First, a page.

What if we broke it into two rooms (would help with the ambient noise, which was really a problem, IMHO), and had different exercises in each room? One room does this exercise, discussing quantity of growth and very rough design; the other room has each table randomly assigned a growth scenario and asked to consider design much more carefully. Transportation, infrastructure, streetscaping, civic uses, mixes of uses, needs of the old and the young, etc. That was you could still get people talking about “how much”, while also considering quality at higher resolution, just in different groups.

    Then cross-present between the rooms.
       —Murph.    Jul. 29 '05 - 05:19PM    #
  28. PSD: a little counter-productive, thanks. I think you mean to be over here .
       —Murph.    Jul. 29 '05 - 05:21PM    #
  29. My group was pretty heterogeneous in all respects. We had different ages, races, living situations, and occupations (although it was very heavy on planners).

    How about splitting the time into two sessions so one session could be devoted to placing the required buildings and the next session (maybe with different groups) working on the rest of it. Although I can see difficulties with any way it is organized. It is just hard to plan a city in a few hours/days.

    I have to say that while I think there are probably ways to make this process better (especially since they are going to base a lot of their decisions on what happened last night), in general I thought it was a really good, interesting start. I was glad to see a lot of council members, DDA members, and planning commissioners there in addition to everyone else. Seems to me this process is already a few years late, but better late then never.

    I’m looking forward to the next step.
       —Juliew    Jul. 29 '05 - 07:15PM    #
  30. Aw, shucks. Don’t make me go over there. I’ll be nice.
       —Parking Structure Dude!    Jul. 29 '05 - 08:21PM    #
  31. I mean, those people are REALLY bitter.
       —Parking Structure Dude!    Jul. 29 '05 - 08:26PM    #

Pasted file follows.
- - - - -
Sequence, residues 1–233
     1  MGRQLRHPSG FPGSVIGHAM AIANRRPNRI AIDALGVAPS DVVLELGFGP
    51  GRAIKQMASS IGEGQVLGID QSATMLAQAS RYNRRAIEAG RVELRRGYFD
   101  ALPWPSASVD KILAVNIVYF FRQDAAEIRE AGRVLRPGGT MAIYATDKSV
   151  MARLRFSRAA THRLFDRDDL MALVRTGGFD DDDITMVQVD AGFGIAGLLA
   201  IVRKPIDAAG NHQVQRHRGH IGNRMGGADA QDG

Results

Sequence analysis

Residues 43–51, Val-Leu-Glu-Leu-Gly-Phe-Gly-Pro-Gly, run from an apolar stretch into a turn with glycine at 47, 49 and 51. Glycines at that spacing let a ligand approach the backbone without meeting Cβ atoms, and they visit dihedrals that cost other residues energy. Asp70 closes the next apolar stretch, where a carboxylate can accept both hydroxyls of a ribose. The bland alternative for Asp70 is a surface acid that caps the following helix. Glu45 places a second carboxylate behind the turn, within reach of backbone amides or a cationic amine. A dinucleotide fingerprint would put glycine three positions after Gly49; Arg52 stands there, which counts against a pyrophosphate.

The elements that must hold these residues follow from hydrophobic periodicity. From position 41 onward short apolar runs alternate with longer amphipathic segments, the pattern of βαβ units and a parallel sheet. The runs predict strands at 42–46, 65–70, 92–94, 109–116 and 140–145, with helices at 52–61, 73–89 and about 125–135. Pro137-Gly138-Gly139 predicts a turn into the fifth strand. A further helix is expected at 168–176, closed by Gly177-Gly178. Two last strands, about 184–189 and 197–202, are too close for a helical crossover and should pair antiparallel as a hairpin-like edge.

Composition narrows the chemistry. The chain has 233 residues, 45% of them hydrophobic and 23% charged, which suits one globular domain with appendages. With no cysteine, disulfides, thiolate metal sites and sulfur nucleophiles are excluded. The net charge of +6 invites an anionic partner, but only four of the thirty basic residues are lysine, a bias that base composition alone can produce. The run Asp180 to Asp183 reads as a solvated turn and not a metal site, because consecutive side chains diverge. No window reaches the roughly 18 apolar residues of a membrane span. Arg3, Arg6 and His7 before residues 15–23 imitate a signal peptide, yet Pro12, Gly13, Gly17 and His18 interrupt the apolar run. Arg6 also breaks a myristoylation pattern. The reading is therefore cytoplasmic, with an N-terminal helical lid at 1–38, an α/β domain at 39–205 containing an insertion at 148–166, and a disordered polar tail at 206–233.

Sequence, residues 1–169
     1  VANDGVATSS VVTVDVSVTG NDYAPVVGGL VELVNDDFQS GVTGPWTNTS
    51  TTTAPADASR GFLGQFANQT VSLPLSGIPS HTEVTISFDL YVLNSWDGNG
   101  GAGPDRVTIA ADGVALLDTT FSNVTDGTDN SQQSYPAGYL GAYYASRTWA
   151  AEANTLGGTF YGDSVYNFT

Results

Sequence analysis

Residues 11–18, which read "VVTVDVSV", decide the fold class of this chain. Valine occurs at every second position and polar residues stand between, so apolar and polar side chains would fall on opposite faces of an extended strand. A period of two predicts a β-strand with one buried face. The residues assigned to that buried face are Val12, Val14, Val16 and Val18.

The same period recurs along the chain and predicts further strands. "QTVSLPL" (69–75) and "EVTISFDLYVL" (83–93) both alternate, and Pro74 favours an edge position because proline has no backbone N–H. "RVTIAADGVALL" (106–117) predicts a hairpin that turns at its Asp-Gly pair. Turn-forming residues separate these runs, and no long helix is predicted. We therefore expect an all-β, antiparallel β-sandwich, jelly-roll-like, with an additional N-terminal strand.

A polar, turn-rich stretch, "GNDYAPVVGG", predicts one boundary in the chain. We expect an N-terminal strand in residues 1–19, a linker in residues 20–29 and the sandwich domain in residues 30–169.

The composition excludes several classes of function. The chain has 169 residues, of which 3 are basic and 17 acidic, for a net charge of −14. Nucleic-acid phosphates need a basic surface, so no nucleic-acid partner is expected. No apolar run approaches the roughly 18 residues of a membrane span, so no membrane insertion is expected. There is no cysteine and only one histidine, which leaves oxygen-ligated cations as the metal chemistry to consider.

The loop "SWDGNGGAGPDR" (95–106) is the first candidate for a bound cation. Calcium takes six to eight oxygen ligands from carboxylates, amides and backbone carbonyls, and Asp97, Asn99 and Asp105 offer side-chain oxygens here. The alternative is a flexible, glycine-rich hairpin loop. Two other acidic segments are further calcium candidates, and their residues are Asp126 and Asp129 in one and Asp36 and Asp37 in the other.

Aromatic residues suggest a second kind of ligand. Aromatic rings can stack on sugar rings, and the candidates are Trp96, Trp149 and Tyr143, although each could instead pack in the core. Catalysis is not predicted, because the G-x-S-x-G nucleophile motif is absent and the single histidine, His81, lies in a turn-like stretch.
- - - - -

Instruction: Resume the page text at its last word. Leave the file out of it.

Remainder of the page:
32. Rob, there were youngER people there, though maybe not anyone under 20. Good point, uh, unnecessarily negative way of expressing it.

    As for increasing density, it’s that simple if one doesn’t take one’s fellow community members’ feelings and thoughts into consideration or care about how change impacts others. It’s a bit more complicated—but not much—if one wants to understand others’ perspectives and move forward with them rather than in spite of them.
       —Steve Bean    Jul. 29 '05 - 09:10PM    #
  33. It is just hard to plan a city in a few hours/days.

    Well, that’s why we need to do this sort of thing more often – so that we can do it in smaller chunks, or cover different topics, or whatever, and not have to wait until the Council decides it’s time to drop $200k on having a big-name architect come in and hold our hands. If anybody wants to talk design and organizing of further exercises in this vein, let me know.

    (Of course, how many people do you think would show for a visioning exercise for, say, South Industrial, with no hot issues, no publicity outside of blogland, and no guarantee that all of Council would be watching over their shoulders? I’m guessing that’d just be me.)
       —Murph.    Jul. 29 '05 - 10:17PM    #
  34. First of all it was fun to be the only brotha in the building, but that’s neither here nor there. Here’s two cents from an English major from Ypsi:

    The real issue is that the info that Calthorpe is going to get is going to be extremely jumbled. When I went up to speak for my group (map 6) I forgot to mention just how much the game turned into a game. We were so rushed that it kinda turned into a “hey lets put something on the Fingerle site” just because it was almost funny. Then when I left I walked down Liberty to Borders I got sad that my group very unsensitively destroyed what already is a semi-vibrant area. What we really need is several day long charette so people can really try to figure out what downtown Ann Arbor means and should mean in the future. I’m disappointed as hell with Calthorpe because I don’t think they even tried to learn about Ann Arbor’s sense of place. Or was this game them trying?

    Then, is downtown really the problem? I’d much rather try to bulldoze Briarwood and create a second downtown. State and Eisenhower is already an emerging office district, but it’s just a segregated use, auto dependent area with no residential. If someone made that more “urban” it could appease some tower developers and the people who want downtown to stay as is.
       —David    Jul. 30 '05 - 03:20AM    #
  35. By the way my map, # 6, can be seen in Calthorpe 18 on Murph’s Flickr page for any who are curious to see the manifestation of semi-inspired slapping of game pieces with no time to refine or think about building meaning.
       —David    Jul. 30 '05 - 03:34AM    #
  36. David, that’s two bucks worth, easily. And your presence at the workshop was definitely relevant.

    As I noted earlier, I’m hoping my group’s (and yours) somewhat haphazard placement of chips is diluted in the combined analysis.

    West Stadium/S. Maple, Washtenaw, Packard and Platt, Plymouth—yeah, what you said.

    Stick around and maybe we’ll get the Calthorpe folks to catch up on this thread.
       —Steve Bean    Jul. 30 '05 - 04:10AM    #